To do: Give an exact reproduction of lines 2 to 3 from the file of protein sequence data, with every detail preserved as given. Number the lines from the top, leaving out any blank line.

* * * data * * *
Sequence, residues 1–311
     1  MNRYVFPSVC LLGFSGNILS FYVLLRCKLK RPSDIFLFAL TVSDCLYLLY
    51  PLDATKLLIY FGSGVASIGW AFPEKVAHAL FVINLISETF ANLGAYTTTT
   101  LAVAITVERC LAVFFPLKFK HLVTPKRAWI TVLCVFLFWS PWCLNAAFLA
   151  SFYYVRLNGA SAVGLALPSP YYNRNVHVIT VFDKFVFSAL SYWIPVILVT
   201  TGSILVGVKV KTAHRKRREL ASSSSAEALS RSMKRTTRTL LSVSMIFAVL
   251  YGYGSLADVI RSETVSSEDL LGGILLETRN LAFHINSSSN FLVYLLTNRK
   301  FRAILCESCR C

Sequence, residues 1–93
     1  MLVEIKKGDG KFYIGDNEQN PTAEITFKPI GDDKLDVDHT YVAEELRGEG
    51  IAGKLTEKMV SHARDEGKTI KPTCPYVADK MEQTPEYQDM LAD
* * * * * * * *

     1  MNRYVFPSVC LLGFSGNILS FYVLLRCKLK RPSDIFLFAL TVSDCLYLLY
    51  PLDATKLLIY FGSGVASIGW AFPEKVAHAL FVINLISETF ANLGAYTTTT